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“M” is for Maverick, Samuel Augustus (1803-1870)

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“M” is for Maverick, Samuel Augustus (1803-1870). Lawyer, land speculator. Born in Pendleton District, Maverick graduated from Yale. He established a law practice in Pendleton, but then moved to Georgia and Alabama—overseeing family lands. Bored, he moved to Texas in pursuit of cheap land. Arriving at the height of the Texas revolution, Maverick joined the Texas forces. He settled in San Antonio where he practiced law and began purchasing land in western Texas. His most lasting legacy is the application of his name as a term for unbranded cattle. Legend has it that he refused to brand his calves because he thought that allowed him to claim all unbranded cattle on the range. Samuel Augustus Maverick lent his name to Maverick County in western Texas where he held more than 300,000 acres at his death.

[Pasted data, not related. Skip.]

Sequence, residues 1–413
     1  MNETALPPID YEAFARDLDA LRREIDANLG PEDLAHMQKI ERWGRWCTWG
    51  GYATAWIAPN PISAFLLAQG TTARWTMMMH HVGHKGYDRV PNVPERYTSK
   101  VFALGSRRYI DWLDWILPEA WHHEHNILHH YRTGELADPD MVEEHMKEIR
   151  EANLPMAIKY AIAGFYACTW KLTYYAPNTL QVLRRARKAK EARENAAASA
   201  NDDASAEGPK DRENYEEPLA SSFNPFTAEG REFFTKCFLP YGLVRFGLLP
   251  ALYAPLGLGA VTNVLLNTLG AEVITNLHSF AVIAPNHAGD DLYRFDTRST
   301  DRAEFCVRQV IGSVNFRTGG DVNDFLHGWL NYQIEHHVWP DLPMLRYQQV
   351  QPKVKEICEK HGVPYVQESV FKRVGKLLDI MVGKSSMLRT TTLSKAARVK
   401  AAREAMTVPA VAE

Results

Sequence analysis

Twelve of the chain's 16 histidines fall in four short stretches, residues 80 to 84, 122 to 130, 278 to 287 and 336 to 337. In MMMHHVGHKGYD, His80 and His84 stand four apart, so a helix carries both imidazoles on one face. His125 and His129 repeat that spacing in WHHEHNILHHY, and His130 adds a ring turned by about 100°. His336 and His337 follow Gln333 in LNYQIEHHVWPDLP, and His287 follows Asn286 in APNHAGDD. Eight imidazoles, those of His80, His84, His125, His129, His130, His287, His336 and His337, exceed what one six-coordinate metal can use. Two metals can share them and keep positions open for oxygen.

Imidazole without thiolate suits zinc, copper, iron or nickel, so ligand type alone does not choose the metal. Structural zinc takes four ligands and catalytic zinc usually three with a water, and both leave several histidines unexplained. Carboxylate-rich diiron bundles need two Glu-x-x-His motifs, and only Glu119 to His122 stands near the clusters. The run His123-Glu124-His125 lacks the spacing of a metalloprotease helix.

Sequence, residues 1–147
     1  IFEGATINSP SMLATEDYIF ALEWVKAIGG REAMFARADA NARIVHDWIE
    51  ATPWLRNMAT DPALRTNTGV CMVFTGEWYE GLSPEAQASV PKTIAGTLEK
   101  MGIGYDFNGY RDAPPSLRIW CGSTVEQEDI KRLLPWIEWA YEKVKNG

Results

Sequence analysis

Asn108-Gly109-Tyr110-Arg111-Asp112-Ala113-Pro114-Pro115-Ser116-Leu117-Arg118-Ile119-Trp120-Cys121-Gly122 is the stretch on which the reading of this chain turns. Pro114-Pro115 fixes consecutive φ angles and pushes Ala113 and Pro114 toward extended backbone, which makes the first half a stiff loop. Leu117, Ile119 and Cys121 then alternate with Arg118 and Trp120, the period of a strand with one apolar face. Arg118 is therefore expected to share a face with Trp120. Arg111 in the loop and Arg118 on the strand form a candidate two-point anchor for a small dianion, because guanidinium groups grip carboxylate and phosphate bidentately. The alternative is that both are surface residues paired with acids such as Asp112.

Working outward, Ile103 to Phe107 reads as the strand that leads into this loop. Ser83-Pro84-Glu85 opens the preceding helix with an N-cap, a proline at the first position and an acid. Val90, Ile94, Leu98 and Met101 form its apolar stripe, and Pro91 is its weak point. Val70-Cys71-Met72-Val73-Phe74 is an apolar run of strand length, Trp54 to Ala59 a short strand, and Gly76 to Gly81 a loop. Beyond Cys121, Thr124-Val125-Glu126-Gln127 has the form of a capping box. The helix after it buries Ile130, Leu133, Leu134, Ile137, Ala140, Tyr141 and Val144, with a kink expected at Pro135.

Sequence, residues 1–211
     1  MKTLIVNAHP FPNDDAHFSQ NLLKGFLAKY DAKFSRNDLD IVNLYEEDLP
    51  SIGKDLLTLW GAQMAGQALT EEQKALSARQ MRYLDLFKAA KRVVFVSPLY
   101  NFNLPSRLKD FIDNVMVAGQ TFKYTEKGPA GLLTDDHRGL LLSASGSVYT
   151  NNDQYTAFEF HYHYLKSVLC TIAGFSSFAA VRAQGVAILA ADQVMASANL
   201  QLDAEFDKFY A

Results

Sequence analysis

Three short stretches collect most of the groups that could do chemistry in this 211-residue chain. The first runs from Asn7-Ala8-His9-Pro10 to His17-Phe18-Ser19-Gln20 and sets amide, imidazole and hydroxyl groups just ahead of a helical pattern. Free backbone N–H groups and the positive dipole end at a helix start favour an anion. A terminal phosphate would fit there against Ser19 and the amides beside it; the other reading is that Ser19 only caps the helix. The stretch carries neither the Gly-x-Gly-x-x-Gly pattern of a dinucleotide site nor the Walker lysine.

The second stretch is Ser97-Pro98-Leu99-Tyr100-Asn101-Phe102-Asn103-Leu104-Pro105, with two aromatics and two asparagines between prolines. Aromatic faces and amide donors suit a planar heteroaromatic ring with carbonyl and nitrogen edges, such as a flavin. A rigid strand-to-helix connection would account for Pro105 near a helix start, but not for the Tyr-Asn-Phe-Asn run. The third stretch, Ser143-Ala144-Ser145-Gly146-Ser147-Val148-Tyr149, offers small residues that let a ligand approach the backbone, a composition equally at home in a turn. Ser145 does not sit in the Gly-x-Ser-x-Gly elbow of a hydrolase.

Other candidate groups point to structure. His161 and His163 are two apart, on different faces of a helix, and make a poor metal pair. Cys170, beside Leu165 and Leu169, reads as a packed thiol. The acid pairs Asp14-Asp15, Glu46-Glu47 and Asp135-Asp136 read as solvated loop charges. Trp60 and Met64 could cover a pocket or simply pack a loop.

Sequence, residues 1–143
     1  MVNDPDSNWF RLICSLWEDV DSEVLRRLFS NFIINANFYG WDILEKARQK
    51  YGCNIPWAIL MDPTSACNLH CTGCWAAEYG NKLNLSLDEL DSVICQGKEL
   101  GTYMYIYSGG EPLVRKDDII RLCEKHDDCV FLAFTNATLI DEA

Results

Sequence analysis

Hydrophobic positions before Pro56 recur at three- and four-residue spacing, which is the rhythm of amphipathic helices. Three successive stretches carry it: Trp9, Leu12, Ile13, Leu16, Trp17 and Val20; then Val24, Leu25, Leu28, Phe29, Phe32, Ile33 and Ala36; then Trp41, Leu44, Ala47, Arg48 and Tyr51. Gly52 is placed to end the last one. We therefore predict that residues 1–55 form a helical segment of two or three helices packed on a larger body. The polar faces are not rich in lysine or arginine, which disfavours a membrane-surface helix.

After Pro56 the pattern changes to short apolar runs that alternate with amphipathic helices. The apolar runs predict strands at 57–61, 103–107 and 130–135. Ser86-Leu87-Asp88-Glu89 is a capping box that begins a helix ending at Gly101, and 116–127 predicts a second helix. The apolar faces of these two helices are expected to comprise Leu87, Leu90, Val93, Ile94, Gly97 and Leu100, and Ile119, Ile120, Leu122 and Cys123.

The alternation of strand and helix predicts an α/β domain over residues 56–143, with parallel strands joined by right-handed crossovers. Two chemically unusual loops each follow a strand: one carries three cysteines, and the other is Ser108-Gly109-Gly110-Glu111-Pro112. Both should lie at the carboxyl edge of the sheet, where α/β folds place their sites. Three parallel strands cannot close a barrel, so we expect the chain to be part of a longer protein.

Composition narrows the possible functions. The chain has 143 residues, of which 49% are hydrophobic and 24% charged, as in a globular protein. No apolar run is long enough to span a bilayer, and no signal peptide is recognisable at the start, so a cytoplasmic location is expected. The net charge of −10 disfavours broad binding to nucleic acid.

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Dr. Walter Edgar has two programs on South Carolina Public Radio: Walter Edgar's Journal, and South Carolina from A to Z. Dr. Edgar received his B.A. degree from Davidson College in 1965 and his Ph.D. from the University of South Carolina in 1969. After two years in the army (including a tour of duty in Vietnam), he returned to USC as a post-doctoral fellow of the National Archives, assigned to the Papers of Henry Laurens.